In the Curiosity is the Cat post, Will Richardson makes the argument that curiosity is the only “C” that truly matters. Richardson alludes to the variety of authors who have pointed to 4, 7, or more Cs of 21st Century learning and suggests that without curiosity you wouldn’t have critical thinking, creativity, communication, and collaboration. He also points to the reality that our children are filled with curiosity prior to going to school and by the time they are in their teens they have little curiosity for anything to do with the curriculum. There appears to be a correlation between the ages that children lose their curiosity and a number of questions that they ask.
Santana & Rothstein of the Right Question Institute have compiled a graphic from NCES data that shows children’s peak questioning happens at age 4 and then significantly declines as they progress through school.
Warren Berger confirms this correlation in his book A More Beautiful Question and points to our education systems that reward rote answers over challenging inquiry as one of the primary causes of this decline. Our educational system focuses on giving the right answers as opposed to starting with the right questions. And yet the most innovative organizations in the world like Google, Netflix and IDEO and most innovative artists, teachers, and entrepreneurs look to change the world by starting with a “beautiful question.” Innovation requires starting with questions and our current educational system is not preparing learners who are equipped to ask questions and innovate.
When we focus on the right answers instead of starting with questions we not only extinguish our learner’s ability to question, inquire and innovate we create an environment of rewards and punishment that fosters fear in the learner when they aren’t able to regurgitate the right answer. In my research into how to get adults more comfortable with using technology, I learned that in order to stimulate the natural curiosity that is extinguished by our educational system I had to first help the adult learner get over their fear of doing something wrong or the fear of not knowing the right answer. Once steps were taken to help adult learners deal with this fear then we could start working on rebuilding that inquisitiveness that would help them to explore and see “what would this button do” as they learned how to use technology. While my approach to adult learning called Inquisuitivism proved to be effective, I couldn’t help wonder why we had to reactively help people rebuild a natural disposition or mindset that we all have as children.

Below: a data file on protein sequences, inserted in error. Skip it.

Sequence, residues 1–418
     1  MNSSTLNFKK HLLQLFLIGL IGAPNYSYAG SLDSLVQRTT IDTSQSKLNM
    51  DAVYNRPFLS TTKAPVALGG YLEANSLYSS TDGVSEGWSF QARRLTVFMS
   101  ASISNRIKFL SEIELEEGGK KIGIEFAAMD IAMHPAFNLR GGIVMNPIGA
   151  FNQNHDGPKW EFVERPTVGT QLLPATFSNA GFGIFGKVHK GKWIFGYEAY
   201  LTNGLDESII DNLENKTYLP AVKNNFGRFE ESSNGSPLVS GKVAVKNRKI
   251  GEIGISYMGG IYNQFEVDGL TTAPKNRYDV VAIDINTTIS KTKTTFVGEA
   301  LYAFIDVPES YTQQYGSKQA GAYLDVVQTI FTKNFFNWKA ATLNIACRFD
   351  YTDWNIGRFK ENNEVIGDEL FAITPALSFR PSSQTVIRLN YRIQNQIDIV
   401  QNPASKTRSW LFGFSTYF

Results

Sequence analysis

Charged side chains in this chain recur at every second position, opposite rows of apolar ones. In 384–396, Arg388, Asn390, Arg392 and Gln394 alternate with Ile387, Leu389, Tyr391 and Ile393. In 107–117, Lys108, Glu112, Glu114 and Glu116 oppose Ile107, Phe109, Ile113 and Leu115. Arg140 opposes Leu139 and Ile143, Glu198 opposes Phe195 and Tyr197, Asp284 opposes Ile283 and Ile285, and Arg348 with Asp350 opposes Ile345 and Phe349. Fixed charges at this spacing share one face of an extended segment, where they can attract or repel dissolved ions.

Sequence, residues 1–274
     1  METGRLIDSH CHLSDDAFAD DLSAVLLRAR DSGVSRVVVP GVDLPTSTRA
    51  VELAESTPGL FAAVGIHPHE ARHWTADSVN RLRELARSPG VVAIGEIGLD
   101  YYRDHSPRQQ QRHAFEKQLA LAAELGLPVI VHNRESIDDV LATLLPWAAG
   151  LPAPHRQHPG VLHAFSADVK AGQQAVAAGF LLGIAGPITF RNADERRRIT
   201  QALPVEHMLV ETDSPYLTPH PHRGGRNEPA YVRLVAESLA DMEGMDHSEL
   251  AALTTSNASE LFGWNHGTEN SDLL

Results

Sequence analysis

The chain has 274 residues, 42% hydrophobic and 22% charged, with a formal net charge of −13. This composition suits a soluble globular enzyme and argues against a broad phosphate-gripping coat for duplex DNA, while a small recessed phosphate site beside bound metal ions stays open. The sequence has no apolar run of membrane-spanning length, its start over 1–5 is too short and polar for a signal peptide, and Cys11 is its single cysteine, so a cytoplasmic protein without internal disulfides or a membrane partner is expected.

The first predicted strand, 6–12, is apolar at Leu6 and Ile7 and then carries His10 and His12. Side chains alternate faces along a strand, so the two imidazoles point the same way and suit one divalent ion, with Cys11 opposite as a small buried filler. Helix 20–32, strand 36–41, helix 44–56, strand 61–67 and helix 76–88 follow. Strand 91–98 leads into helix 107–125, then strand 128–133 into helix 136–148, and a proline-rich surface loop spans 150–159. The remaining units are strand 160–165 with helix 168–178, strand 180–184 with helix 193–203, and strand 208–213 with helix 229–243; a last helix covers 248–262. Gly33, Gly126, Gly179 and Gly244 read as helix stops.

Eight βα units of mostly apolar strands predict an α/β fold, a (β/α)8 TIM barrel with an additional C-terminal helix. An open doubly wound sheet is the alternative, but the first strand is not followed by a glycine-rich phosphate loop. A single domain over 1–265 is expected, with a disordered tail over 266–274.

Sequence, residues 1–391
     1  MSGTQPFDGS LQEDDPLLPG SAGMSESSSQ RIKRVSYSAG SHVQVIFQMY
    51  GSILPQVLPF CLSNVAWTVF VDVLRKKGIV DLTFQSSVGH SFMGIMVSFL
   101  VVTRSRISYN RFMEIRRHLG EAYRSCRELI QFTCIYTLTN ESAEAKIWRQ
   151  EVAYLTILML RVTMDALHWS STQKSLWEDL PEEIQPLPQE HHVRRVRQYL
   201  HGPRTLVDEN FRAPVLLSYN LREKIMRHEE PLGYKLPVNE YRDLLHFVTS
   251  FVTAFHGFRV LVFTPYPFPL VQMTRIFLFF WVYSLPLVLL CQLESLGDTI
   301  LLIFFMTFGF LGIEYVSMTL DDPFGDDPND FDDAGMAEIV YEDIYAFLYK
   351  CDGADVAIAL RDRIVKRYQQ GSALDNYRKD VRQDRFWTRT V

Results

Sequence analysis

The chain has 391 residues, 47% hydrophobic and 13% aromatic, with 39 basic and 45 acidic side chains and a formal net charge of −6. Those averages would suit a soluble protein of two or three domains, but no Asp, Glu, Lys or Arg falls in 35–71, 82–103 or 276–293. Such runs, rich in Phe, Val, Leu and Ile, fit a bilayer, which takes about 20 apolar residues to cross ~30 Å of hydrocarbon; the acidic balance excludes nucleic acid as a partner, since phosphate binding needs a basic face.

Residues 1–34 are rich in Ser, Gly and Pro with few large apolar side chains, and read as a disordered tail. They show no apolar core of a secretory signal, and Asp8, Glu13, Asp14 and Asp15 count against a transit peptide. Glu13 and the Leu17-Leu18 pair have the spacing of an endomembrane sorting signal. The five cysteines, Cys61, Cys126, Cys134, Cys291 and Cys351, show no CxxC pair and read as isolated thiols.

Instead of attempting to reignite our learner’s inquisitiveness wouldn’t it be much more effective to nurture that natural ability they have in abundance before they start school? When we ask this question we need to be prepared to do something about what our inquiry reveals. There is no doubt that if we continue to do what we have always done in school our passive educational environment of main lecture points, content delivery, step by step rubrics, individual competition and standardized testing will continue to efficiently extinguish our children’s natural inquisitiveness.
It doesn’t have to be this way. Like Santana & Rothstein, Richardson, Burger, I also believe that we can help develop connected curious learners who will become the innovators of the future. While reigniting the questioning spark is extremely important this is only one part of a bigger process. If we focus on just this part of the problem we can easily fall into a quick fix mentality which is another perennial problem that we face in education. There are no quick fixes; we have to purposefully design our learning environments. We have to stop doing what we have always done and start creating significant learning environments by giving our learners choice, ownership, and voice through authentic learning opportunities (CSLE+COVA).
Berger, W. (2014). A more beautiful question: The power of inquiry to spark breakthrough ideas. New York, NY: Bloomsbury USA.
Richardson, W. (2017, February 11). Curiosity is the cat. Retrieved from https://willrichardson.com/curiosity-is-the-cat/
Santana, L., & Rothstein, D. (n.d.). Percentage of children asking questions. Retrieved from http://rightquestion.org/percentage-children-asking-questions/